OUTLOOK IN OTAGO.
DUNEDIN NORTH FIGHT.
LABOUR DEFEAT PREDICTED.
MR. TAVERNER IN DANGER.
[BY' TELEGRAPH. —OWN CORRESPONDENT.] DUNEDIN, Sunday.
There has been little change in the political situation in Otago during the past week with the exception of the withdrawal of Mr. R. S. Black, United/ from the Dunedin North contest.
The chief interest locally is centred in that electorate, where the retirement of Mr. Black has left a straight-out. issue between Mr. J. McCrae, Coalition, and Mr. J. W. Munro, the retiring Labour member. Mr. McCrae has encountered a good deal of opposition at his meetings, but, nevertheless, he has gained ground &teadily throughout the campaign, and in view of the present feeling throughout the country he has a good prospect of winning the seat. At the last, election Mr. Munro was returned in a triangular contest on a minority vote of over 2000, and, since the poll promises to be a fairly heavy one on the present occasion, Mr. McCrae %vould appear to be assured o£ sufficient o£ the previously divided anti-Socialist vote to secure his i*eturn by a small margin. Mr. W. B. Taverner, Coalition, is having a stiff fight to retain the suffrages of the electors of Dunedin South. His task is rendered all the harder by reason of the intervention of Mr. D. C. Cameron, Independent Reform candidate, who will claim a considerable number of non-Labour votes. The indications are that Mr. F. Jones, the Labour candidate, who has shown 'himself to be an excellent platform man and has given expression to no very extreme views, will win this seat from the former Minister of Public Works. Mr. Stewart Apparently Safe. The Minister of Finance, the Hon. \V. Downie Stewart, appears to be firmly entrenched in Dunedin West. He is opposed by Mr, J. Gilchrist, Labour, and Mr. J. McDonald, Liberal. Neither is a strong candidate, and even the persistence of Mr. McDonald in the contest is unlikely to endanger Mr. Stewart's hold on the seat against the purely party vote that will be secured by Mr. Gilchrist.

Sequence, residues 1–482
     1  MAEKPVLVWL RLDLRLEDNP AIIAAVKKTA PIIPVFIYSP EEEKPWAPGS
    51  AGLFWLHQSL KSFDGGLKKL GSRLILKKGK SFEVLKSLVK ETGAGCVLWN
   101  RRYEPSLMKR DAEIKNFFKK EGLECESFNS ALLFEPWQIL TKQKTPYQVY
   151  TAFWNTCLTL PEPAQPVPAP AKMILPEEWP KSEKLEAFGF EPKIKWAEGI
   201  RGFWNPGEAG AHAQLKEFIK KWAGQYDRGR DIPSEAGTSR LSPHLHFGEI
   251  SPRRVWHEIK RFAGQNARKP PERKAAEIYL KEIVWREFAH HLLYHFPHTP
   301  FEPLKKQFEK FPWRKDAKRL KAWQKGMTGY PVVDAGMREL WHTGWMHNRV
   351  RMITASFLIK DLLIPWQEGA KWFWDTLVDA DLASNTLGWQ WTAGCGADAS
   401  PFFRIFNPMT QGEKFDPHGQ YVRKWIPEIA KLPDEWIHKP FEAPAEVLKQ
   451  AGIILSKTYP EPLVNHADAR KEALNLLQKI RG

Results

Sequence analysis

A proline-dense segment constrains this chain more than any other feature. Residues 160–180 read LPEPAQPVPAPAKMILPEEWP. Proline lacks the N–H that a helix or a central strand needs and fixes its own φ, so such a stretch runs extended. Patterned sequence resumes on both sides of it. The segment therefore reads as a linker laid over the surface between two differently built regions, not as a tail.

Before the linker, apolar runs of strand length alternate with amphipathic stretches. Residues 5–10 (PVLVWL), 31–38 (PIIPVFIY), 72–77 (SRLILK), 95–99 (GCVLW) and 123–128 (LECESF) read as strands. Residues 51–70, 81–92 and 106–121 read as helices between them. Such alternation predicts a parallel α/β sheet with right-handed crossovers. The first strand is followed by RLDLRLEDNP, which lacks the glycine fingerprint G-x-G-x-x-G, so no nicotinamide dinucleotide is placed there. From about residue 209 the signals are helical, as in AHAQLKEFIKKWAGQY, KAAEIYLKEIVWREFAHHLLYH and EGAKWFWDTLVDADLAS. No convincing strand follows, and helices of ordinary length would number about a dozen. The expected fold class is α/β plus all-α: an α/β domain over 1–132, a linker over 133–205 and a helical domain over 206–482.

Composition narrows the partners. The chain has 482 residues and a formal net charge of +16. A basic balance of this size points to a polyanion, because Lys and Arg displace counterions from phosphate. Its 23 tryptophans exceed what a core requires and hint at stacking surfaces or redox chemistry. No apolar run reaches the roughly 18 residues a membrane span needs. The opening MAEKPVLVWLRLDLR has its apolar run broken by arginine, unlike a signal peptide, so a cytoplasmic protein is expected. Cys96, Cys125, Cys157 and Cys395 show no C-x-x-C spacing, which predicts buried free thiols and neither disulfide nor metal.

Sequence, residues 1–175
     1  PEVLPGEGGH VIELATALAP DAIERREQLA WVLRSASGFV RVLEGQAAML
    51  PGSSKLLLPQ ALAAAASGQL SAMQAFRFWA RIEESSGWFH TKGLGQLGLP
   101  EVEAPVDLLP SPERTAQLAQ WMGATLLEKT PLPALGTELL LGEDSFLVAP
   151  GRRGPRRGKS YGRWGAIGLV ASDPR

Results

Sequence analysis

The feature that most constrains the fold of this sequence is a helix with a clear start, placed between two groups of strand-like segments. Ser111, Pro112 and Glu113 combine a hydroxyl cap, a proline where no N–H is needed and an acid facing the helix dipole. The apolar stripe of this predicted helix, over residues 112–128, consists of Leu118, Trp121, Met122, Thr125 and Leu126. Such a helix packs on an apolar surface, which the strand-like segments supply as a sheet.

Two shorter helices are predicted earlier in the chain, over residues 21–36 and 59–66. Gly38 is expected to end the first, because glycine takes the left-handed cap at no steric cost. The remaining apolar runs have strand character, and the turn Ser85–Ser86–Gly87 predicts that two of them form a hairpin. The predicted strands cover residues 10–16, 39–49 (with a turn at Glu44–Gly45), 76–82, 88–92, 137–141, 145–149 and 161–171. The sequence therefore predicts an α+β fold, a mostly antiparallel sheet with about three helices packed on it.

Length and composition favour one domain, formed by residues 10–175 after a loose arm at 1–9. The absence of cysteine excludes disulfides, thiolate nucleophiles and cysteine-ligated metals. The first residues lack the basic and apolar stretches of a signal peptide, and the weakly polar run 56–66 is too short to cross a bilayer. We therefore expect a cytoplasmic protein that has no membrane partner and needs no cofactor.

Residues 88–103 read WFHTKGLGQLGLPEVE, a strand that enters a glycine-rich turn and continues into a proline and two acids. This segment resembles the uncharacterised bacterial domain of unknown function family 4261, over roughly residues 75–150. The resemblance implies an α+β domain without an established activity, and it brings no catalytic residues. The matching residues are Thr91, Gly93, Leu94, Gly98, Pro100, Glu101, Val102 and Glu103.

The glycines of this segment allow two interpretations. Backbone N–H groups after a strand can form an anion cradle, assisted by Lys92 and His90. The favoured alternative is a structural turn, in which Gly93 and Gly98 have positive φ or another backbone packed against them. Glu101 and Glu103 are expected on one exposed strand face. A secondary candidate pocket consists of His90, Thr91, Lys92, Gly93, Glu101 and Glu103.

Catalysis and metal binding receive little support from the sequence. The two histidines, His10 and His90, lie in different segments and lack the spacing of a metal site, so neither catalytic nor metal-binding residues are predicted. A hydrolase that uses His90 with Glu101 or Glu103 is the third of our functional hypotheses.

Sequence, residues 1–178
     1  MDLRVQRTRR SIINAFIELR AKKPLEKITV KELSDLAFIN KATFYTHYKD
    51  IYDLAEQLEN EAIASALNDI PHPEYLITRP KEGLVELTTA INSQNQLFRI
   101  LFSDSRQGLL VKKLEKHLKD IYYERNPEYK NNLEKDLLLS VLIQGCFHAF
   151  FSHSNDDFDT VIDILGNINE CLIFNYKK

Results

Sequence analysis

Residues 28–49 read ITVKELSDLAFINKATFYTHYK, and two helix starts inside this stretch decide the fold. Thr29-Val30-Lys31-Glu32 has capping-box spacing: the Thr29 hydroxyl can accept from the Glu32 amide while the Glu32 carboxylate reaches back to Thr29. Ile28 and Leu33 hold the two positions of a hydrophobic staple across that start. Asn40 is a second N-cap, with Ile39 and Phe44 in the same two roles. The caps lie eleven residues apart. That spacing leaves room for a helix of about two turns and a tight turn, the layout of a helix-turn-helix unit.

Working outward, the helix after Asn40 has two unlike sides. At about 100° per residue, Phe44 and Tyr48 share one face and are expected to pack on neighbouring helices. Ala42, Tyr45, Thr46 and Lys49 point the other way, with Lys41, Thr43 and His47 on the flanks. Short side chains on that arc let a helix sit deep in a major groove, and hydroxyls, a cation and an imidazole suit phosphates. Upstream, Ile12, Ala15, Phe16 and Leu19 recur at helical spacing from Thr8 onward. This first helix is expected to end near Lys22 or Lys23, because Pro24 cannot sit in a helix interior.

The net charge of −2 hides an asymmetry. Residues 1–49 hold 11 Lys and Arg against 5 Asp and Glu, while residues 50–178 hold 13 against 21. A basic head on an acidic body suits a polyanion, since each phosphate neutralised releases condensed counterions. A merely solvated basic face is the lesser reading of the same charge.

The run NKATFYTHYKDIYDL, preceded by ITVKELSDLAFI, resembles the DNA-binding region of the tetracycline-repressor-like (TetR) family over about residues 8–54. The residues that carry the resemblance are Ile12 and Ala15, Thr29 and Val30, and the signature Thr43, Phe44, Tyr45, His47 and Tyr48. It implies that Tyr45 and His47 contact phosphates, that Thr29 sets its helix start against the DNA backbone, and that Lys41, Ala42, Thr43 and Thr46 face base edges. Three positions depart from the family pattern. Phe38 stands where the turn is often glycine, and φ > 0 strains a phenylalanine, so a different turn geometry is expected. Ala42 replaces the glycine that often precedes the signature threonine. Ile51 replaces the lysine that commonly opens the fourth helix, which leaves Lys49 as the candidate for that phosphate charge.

The Speaker, Sir Charles Statham, is not, being seriously challenged by his Labour opponent, Mr. P. Neilson. Indeed, the only possibility of his defeat resides in the apathy of his supporters, based on undue confidence as to the result.
In Chalmers Mr. A. E. Ansell, the retiring Coalition member, is experiencing his only serious opposition from the Labour candidate, Mr. N. H. Campbell, who will poll heavily in certain parts of the electorate. Mr. T. Scollay, Independent, appears certain to be at the bottom of the poll. The indications are that Mr. Ansell should have a fairly comfortable win.
A very even contest is being waged for the Clutha seat. Mr. F. Waite, the retiring Coalition member, is opposed by Mr. P. McSkimming, United, a wellknown business man. As both candidates are held in high esteem, the result is very open. # Forecast of New Members. In Central Otago Mr. C. Todd, Re form, is reported to be making an excellent fight of it against Mr. W. A Bodkin, the official Coalition candidate. The oclds appear to be somewhat in favour of Mr. Bodkin, but the result is by no means a foregone conclusion. From present indications the Otago representatives in the new House may be:—Dunedin North, Mr. J. McCrae, Coalition; Dunedin West, the Hon. W. Doivnie Stewart, Coalition; Dunedin Central, Sir Charles Statham, Independent; Dunedin South, Mr. F. Jones, Labour; Chalmers, Mr. A. E. Ansell, Coalition; Central Otago, Mr. W. A. Bodkin, Coalition ; Oamam, Mr. J. A. Macpherson, Coalition; Waitaki, Mr. J. Bit-chener, Coalition.